Some condominium complexes, like Westlake Condos, also have squash courts or, like Emerald City Condos, offer an indoor running track. These are more of an exception, though. Many downtown condos compromise on the space and amenities offered.
Condos vs. Apartments – Difference #5: Do a building’s age and location matter?
If you look at the entire inventory of condominiums and apartments, you will notice that condos, in general, are newer and are built in more recent years (e.g. after the 90s), whereas apartments can be somewhat more dated; many of which were built before the 90s. This is visible in the dwelling’s appearance and architecture. Most condos tend to nest in the downtown core or around large transportation hubs and subway lines, whereas apartments can be less attractive from the location perspective, and many of them can be found both in suburbs and scattered across the city.
Condo vs. Apartment – Difference #6: Where are the risks higher?
The amount of uncertainty and risk is different when dealing with condos versus apartments. When you rent an apartment, you
deal with a professional organization and things are very predictable. When you have an individual as a landlord, like in the case of a condo, you have the risk that he or she will decide to sell the property, leaving you searching for another place to live. Remember that some people purchase a condo as an investment, which is a great option when the market is growing, but once returns are not there and economic stability disappears, people will look at getting rid of their investments to minimize their debt (e.g. to avoid mortgage costs). As a condo tenant, you can be a victim of this.
Also, there is a question of ongoing funding. In an apartment, a leasing company is on the hook for all expenses, such as a defective roof, burst pipes, elevators that need maintenance, etc. In a condominium, a reserve fund is created from the condo fees and is used as needed for maintenance and upgrades. The condominium corporation’s insurance takes care of unexpected surprises. There are, though, cases where these funds are not enough, or where the condo insurance does not pay for everything. In those cases, costs are passed on to the condo owners as a special assessment. As a condo tenant, you can see this impacting your condo rental fees.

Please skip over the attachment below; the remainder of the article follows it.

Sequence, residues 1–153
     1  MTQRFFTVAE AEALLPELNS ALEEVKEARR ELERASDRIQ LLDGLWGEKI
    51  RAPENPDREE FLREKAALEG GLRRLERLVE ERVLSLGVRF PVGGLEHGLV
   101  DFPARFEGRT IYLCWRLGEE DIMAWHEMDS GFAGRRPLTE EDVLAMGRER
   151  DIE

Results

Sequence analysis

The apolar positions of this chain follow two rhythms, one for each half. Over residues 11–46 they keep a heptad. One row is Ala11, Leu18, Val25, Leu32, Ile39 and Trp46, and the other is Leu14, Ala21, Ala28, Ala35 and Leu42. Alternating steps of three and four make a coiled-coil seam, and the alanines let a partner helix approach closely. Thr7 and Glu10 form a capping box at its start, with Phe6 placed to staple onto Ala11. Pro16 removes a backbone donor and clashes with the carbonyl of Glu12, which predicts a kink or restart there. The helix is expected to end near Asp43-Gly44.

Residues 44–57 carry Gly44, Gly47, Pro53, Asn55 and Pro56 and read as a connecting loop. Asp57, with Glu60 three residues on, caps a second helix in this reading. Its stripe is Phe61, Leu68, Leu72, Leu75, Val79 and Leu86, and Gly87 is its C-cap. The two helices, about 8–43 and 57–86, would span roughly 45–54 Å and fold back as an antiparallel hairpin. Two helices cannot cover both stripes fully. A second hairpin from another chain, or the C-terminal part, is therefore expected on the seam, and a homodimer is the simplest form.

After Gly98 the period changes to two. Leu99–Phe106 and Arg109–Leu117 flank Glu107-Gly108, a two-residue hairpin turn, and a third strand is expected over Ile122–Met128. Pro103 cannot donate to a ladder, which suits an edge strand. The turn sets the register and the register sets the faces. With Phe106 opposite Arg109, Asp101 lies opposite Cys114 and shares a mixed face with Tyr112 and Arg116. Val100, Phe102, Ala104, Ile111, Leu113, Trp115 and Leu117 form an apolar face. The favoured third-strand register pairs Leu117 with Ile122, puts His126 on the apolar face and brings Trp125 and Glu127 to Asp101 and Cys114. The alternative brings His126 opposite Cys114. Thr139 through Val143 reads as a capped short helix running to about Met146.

Condo vs. Apartment – What is the best option?
So, is an apartment or a condo the right option if you want to rent a place in Canada?
Well, it depends a little bit on what you need. In an ideal case, you will find in apartment in a relatively new building that is central with amenities that are comparable to condos. It is rare, but it exists!
Otherwise, your two options are:
Option 1: You are not too picky about how fancy and new a building you live in should look like, you do not care too much about proximity to the downtown core (because you have a car, or you are located close to the transportation routes), and you want to make sure that you do not overpay. Then an apartment might be the right decision for you.
Option 2: If your status of living is important to you, you enjoy living in a newer building just a few steps away from your work or subway station, and you like having a great choice of amenities, you are probably better off with a condo.
So, which option would you choose?